\$\begingroup\$ @mazzy Dang dog. I need to get into the habit of splatting all the time but didn't know you could hotswap the wildcard members like that. \$\endgroup\$
    – Veskah
    Commented Aug 14, 2019 at 18:36
  • 1
    \$\begingroup\$ I'm sorry 87 bytes \$\endgroup\$
    – mazzy
    Commented Aug 15, 2019 at 10:02

C(GCC) 175 162 150 bytes

-12 bytes from LambdaBeta

-12 bytes from ceilingcat


Try it online!

  • \$\begingroup\$ I don't think you need the 0 in the first line. \$\endgroup\$
    – LambdaBeta
    Commented Apr 3, 2019 at 21:28
  • \$\begingroup\$ Also can save a lot of characters by taking the buffer S as a parameter and adding your variables to the argument list: Try it online! \$\endgroup\$
    – LambdaBeta
    Commented Apr 3, 2019 at 21:31
  • \$\begingroup\$ @LambdaBeta turns out you are right about the 0, which made it not worth it to have the #define anymore \$\endgroup\$
    – rtpax
    Commented Apr 4, 2019 at 14:57
  • \$\begingroup\$ 140 bytes \$\endgroup\$
    – ceilingcat
    Commented Feb 25, 2020 at 22:04

Scala 2.12.8, 214 bytes

Golfed version:

val r=scala.util.Random;println(readLine.toList.sliding(2).flatMap{case a :: b :: Nil=>(a +: (0 to r.nextInt(5)).map{_=>((c: Char)=>if(r.nextBoolean)c.toUpper else c.toLower)(if(r.nextBoolean)a else b)})}.mkString)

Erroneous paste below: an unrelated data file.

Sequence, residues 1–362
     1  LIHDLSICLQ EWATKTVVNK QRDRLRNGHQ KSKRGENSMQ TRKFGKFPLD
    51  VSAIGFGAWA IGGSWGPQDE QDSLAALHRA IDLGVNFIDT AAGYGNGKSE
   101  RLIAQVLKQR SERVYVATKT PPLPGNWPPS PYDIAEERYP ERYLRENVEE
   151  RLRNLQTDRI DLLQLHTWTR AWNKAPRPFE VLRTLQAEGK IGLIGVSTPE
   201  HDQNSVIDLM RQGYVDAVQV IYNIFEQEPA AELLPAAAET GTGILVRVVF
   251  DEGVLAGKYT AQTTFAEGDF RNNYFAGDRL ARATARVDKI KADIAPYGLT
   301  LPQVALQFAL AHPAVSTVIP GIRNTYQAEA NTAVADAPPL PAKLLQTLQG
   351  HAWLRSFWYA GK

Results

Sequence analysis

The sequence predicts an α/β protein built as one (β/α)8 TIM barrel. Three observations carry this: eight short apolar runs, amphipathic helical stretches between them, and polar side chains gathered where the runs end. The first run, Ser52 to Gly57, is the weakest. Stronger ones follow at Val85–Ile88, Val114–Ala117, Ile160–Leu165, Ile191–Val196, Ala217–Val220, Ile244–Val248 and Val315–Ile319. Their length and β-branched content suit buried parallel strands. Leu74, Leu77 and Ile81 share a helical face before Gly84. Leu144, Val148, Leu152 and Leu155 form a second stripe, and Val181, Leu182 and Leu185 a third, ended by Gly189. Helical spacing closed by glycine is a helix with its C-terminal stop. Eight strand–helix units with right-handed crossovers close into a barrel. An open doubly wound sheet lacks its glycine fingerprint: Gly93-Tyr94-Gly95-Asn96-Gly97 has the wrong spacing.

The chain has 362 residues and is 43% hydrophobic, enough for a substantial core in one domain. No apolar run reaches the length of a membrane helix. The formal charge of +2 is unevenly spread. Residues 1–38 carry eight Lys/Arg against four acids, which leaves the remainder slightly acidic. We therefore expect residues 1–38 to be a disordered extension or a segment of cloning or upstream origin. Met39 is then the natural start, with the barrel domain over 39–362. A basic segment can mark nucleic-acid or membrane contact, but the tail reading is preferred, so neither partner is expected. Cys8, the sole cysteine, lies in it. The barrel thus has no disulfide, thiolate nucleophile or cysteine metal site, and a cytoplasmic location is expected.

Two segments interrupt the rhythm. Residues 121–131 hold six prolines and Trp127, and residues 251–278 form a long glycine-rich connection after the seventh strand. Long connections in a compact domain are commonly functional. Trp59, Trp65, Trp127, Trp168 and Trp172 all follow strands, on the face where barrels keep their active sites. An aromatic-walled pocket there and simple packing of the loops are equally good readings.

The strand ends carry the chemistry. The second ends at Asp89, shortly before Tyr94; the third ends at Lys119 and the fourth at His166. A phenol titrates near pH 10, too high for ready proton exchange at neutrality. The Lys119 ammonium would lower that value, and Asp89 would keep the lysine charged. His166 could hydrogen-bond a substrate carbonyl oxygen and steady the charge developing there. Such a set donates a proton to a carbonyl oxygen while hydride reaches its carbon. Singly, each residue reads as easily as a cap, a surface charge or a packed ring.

Golfed with newlines and indents:

val r=scala.util.Random
  case a :: b :: Nil=>
    (a +: (0 to r.nextInt(5)).map{_=>
      ((c: Char)=>if(r.nextBoolean)c.toUpper else c.toLower)(if(r.nextBoolean)a else b)


import scala.io.StdIn
import scala.util.Random

def gobble(input: String): String = {
  input.toList.sliding(2).flatMap {
    case thisChar :: nextChar :: Nil =>
      val numberOfAdditions = Random.nextInt(5)
      (thisChar +: (0 to numberOfAdditions).map { _ =>
        val char = if(Random.nextBoolean) thisChar else nextChar
        val cc = if(Random.nextBoolean) char.toUpper else char.ToLower

  • 1
    \$\begingroup\$ No way to turn a :: b :: Nil into a::b::Nil? Same for a :+, a:+() or a.:+() might work \$\endgroup\$
    – Ven
    Commented Apr 4, 2019 at 14:07
  • \$\begingroup\$ @Ven a::b::Nil causes a compile error. +: is a method defined on the list, so it might save space by getting rid of the outer parens? \$\endgroup\$
    – Aly
    Commented Apr 4, 2019 at 22:58
  • \$\begingroup\$ You only have only one elem here so it’s not autotupling anyway \$\endgroup\$
    – Ven
    Commented Apr 4, 2019 at 23:41

Perl 5 -n, 61 bytes

s/.(?=(.))/print$&,map{(map{lc,uc}$&,$1)[rand 4]}0..rand 5/ge

Try it online!


C# (Visual C# Interactive Compiler), 236 213 209 bytes

a=>{int i=0,j;var m=new Random();var s="";var c = a.Select(x=>Char.IsLetter(x)?(char)(x^32):x).ToArray();for(;i<a.Length-1;i++)for(j=m.Next(1,5);j-->0;)s+=new[]{a[i],c[i],a[i+1],c[i+1]}[m.Next(0,3)];return s;}

Try it online!

  • \$\begingroup\$ Does not work with non-alphanumeric characters. char b=a[0] -> var b=a[0], extra space in declaration of d in for-loop \$\endgroup\$